The MODIS image shows polygonal floes of multi-year ice, as well as thin, gray first-year ice, and dark open water in the Beaufort Sea, north of Alaska. Most of these areas of low concentration ice will likely melt over the next month. Because MODIS senses light reflected from the surface as opposed to the emission of microwave radiation, its ability to see the surface depends on cloud cover.
Comparisons between observed and modeled September sea ice trends
Figure 5. This figure shows the observed September sea ice extent for 1952 to 2011 (bold black line) and extents for 1900 to 2100 from the CMIP3 models using the “business as usual” SRESA1B greenhouse gas emissions scenario (the blue line averaging results from all of the model runs with the blue shading showing the +/- 1 standard deviation of the different model runs) and from the CMIP5 archive, using the RCP 4.5 scenario (pink line and pink shading). The darker pink shading shows where the simulations from CMIP3 and CMIP5 overlap each other.
Credit: National Snow and Ice Data Center courtesy Stroeve et al. 2012
Previous research at NSIDC documented that September Arctic ice extent has declined faster than models predicted it would. The comparison was between observations and simulated trends from models participating in the World Climate Research Programme Coupled Model Intercomparison Project Phase 3 (CMIP3). These climate models were used in the 2007 4th Assessment report of the Intergovernmental Panel on Climate Change (IPCC). In a new paper, Stroeve et al. (2012) compared the observed 1979-2011 September trend for the Arctic against trends over the same period from the next generation of models in the CMIP5 archive. While the newer CMIP5 models do a better job of simulating the observed trend, most of the modeled ice extent trends are still smaller than the observed downward trend. NSIDC is working with researchers to further improve the models, which help extend and refine our understanding of the climate system.
Extensive melt over the Greenland Ice Sheet
Figure 6. This figure shows the daily, cumulative area of the Greenland ice sheet showing surface melt for 2012, 2011, 2010 and for the 1980 to 1999 mean. While melt was unusually extensive through May and June of 2012, the melt area increased rapidly in early July in response to an unusually warm weather event.
Credit: National Snow and Ice Data Center courtesy Marco Tedesco, CUNY
This summer, the ocean has not been the only place where unusual melt has been observed in the Arctic. NASA researchers reported that for several days in early July, nearly the entire Greenland ice sheet experienced a brief period of surface melt, including at the summit of the ice sheet. Typically, about half of the ice sheet sees some surface melting during summer, but this tends to be confined to the lower elevations. The 2012 event was associated with a high-pressure weather pattern bringing unusually warm temperatures over the higher elevations of the ice sheet. While the event has not been seen previously in the 34-year satellite record, there is evidence in ice core data from Summit, Greenland of similar events occurring several times over the past few thousand years. These melt events recorded in the ice cores from Summit show an overall average frequency of about once every 150 years since the end of the last ice age. Perhaps more important, however, is the extraordinary high melting occurring this year around the lower elevations in Greenland. Figure 6 shows that the first few months of melt exceeded past higher-than-average melt seasons. Flooding and damage to structures has been reported in some areas where this melt runs off the ice sheet and fills streams and rivers along the Greenland coast. The surface melt runoff, as well as the flow of ice and the resulting calving of icebergs, are contributors to sea level rise. Along with the substantial summer sea ice extent decline and the early Northern Hemisphere snow melt, the pace of Greenland surface melt suggests that 2012 is yet another interesting summer in the Arctic.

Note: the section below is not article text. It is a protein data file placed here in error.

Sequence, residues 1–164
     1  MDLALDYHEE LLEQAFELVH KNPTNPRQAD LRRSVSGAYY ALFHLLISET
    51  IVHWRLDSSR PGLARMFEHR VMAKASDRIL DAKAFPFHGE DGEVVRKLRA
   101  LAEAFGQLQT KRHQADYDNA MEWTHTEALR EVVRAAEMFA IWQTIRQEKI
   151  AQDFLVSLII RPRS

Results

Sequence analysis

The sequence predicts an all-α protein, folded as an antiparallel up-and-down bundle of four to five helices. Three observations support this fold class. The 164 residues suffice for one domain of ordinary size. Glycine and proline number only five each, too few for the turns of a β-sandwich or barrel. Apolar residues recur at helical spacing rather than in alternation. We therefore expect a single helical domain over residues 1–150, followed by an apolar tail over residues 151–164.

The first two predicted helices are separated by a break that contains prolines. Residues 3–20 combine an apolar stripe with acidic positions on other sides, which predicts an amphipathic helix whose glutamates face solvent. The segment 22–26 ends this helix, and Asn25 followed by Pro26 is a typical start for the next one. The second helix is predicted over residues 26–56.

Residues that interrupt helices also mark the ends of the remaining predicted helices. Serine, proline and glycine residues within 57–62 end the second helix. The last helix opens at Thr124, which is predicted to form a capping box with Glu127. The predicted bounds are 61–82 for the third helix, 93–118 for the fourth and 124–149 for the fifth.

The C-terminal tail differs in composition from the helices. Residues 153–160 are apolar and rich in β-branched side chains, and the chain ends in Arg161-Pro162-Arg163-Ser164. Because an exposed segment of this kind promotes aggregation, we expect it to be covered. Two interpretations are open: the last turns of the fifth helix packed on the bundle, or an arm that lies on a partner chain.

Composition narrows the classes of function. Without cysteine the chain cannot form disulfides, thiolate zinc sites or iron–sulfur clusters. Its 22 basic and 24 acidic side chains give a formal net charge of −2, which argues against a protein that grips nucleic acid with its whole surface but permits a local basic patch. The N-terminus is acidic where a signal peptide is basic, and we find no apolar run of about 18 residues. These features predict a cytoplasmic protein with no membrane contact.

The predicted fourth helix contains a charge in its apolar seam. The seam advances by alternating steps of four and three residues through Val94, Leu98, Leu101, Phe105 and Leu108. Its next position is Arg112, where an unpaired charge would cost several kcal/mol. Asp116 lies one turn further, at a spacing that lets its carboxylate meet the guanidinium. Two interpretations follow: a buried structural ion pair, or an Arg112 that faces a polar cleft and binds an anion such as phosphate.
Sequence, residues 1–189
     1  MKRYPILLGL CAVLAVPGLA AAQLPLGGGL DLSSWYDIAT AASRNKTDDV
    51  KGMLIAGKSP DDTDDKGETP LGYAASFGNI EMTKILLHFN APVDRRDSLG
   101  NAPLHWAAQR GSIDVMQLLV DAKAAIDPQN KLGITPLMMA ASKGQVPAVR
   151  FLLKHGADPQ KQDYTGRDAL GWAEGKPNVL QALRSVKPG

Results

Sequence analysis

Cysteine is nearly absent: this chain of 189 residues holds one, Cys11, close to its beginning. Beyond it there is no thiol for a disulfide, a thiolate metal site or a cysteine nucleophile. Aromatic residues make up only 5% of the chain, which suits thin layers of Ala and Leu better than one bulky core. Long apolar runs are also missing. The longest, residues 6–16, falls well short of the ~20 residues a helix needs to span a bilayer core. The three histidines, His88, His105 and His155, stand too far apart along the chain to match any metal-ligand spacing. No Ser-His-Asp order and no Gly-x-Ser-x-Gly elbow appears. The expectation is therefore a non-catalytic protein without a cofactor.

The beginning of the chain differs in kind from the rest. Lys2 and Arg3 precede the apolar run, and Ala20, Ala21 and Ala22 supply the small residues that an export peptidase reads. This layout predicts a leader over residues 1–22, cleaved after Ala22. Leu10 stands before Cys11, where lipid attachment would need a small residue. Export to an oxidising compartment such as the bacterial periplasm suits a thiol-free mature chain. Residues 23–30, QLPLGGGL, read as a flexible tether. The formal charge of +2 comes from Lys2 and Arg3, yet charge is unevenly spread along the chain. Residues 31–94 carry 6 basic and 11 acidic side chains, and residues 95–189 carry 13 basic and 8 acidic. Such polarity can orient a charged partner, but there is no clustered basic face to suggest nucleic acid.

For more information and images, visit Greenland Melting.
Stroeve, J. C., V. Kattsov, A. P. Barrett, M. C. Serreze, T. Pavlova, M. M. Holland, and W. N. Meier. 2012. Trends in Arctic sea ice extent from CMIP5, CMIP3 and observations. Geophys. Res. Lett., doi:10.1029/2012GL052676, in press.